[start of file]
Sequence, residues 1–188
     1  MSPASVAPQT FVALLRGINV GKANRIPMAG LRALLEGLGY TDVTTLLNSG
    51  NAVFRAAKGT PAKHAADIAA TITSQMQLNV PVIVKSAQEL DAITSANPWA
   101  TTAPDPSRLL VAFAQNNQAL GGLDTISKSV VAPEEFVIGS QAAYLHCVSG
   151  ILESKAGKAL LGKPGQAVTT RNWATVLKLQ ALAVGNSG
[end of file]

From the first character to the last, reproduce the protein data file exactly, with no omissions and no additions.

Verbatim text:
Sequence, residues 1–188
     1  MSPASVAPQT FVALLRGINV GKANRIPMAG LRALLEGLGY TDVTTLLNSG
    51  NAVFRAAKGT PAKHAADIAA TITSQMQLNV PVIVKSAQEL DAITSANPWA
   101  TTAPDPSRLL VAFAQNNQAL GGLDTISKSV VAPEEFVIGS QAAYLHCVSG
   151  ILESKAGKAL LGKPGQAVTT RNWATVLKLQ ALAVGNSG